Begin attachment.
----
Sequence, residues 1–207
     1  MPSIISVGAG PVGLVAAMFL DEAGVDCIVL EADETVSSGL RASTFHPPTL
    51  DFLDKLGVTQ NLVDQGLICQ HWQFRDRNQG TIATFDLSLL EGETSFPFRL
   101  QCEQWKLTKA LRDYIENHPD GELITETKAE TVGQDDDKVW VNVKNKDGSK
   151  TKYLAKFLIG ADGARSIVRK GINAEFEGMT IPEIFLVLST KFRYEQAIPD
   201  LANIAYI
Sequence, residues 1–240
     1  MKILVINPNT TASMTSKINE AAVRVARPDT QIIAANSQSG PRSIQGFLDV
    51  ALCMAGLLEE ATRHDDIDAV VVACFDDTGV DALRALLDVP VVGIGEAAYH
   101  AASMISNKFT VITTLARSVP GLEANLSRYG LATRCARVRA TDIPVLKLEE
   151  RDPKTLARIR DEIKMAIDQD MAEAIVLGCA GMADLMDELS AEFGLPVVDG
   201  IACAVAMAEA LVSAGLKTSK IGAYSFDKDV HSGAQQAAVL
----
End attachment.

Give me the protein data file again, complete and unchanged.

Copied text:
Sequence, residues 1–207
     1  MPSIISVGAG PVGLVAAMFL DEAGVDCIVL EADETVSSGL RASTFHPPTL
    51  DFLDKLGVTQ NLVDQGLICQ HWQFRDRNQG TIATFDLSLL EGETSFPFRL
   101  QCEQWKLTKA LRDYIENHPD GELITETKAE TVGQDDDKVW VNVKNKDGSK
   151  TKYLAKFLIG ADGARSIVRK GINAEFEGMT IPEIFLVLST KFRYEQAIPD
   201  LANIAYI
Sequence, residues 1–240
     1  MKILVINPNT TASMTSKINE AAVRVARPDT QIIAANSQSG PRSIQGFLDV
    51  ALCMAGLLEE ATRHDDIDAV VVACFDDTGV DALRALLDVP VVGIGEAAYH
   101  AASMISNKFT VITTLARSVP GLEANLSRYG LATRCARVRA TDIPVLKLEE
   151  RDPKTLARIR DEIKMAIDQD MAEAIVLGCA GMADLMDELS AEFGLPVVDG
   201  IACAVAMAEA LVSAGLKTSK IGAYSFDKDV HSGAQQAAVL